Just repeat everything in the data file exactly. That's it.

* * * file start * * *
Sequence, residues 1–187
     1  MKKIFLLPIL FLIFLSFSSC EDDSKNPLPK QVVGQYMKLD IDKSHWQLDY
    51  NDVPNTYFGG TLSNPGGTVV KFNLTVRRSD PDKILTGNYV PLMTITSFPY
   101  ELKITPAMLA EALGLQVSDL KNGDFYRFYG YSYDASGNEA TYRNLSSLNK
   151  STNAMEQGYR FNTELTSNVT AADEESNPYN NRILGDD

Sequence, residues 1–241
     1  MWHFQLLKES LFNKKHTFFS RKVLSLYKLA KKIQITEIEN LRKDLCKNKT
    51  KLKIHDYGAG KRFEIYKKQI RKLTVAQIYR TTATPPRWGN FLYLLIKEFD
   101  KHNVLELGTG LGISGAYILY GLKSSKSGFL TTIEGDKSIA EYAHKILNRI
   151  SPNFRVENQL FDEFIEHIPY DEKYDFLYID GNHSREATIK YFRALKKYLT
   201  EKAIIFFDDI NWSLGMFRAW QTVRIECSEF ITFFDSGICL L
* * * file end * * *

Sequence, residues 1–187
     1  MKKIFLLPIL FLIFLSFSSC EDDSKNPLPK QVVGQYMKLD IDKSHWQLDY
    51  NDVPNTYFGG TLSNPGGTVV KFNLTVRRSD PDKILTGNYV PLMTITSFPY
   101  ELKITPAMLA EALGLQVSDL KNGDFYRFYG YSYDASGNEA TYRNLSSLNK
   151  STNAMEQGYR FNTELTSNVT AADEESNPYN NRILGDD

Sequence, residues 1–241
     1  MWHFQLLKES LFNKKHTFFS RKVLSLYKLA KKIQITEIEN LRKDLCKNKT
    51  KLKIHDYGAG KRFEIYKKQI RKLTVAQIYR TTATPPRWGN FLYLLIKEFD
   101  KHNVLELGTG LGISGAYILY GLKSSKSGFL TTIEGDKSIA EYAHKILNRI
   151  SPNFRVENQL FDEFIEHIPY DEKYDFLYID GNHSREATIK YFRALKKYLT
   201  EKAIIFFDDI NWSLGMFRAW QTVRIECSEF ITFFDSGICL L